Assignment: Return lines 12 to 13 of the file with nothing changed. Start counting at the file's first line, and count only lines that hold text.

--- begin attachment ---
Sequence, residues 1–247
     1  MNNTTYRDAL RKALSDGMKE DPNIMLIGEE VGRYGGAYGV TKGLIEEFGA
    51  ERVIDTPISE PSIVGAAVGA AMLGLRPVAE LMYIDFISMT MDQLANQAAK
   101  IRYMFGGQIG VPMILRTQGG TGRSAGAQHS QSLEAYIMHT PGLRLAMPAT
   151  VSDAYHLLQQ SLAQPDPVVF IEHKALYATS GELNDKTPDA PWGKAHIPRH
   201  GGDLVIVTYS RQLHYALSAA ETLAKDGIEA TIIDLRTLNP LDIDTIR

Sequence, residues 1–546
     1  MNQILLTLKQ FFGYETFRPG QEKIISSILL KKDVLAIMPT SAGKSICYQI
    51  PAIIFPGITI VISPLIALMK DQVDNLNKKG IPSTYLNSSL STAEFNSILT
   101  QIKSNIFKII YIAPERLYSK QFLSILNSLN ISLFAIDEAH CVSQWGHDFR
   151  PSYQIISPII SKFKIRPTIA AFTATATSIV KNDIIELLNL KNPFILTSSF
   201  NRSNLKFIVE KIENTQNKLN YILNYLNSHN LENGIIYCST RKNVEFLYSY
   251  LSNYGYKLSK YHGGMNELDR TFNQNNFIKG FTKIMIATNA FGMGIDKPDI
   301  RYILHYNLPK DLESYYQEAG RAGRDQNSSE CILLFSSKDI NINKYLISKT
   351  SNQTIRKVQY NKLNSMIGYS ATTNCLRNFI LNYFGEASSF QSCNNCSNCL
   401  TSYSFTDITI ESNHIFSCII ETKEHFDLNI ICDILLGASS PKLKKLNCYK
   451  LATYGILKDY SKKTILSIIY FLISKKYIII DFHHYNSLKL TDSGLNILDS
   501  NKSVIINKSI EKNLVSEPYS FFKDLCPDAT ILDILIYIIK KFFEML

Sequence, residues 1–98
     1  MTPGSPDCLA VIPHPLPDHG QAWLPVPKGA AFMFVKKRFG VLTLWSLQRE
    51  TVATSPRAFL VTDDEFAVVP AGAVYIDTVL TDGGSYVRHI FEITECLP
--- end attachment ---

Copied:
   201  NRSNLKFIVE KIENTQNKLN YILNYLNSHN LENGIIYCST RKNVEFLYSY
   251  LSNYGYKLSK YHGGMNELDR TFNQNNFIKG FTKIMIATNA FGMGIDKPDI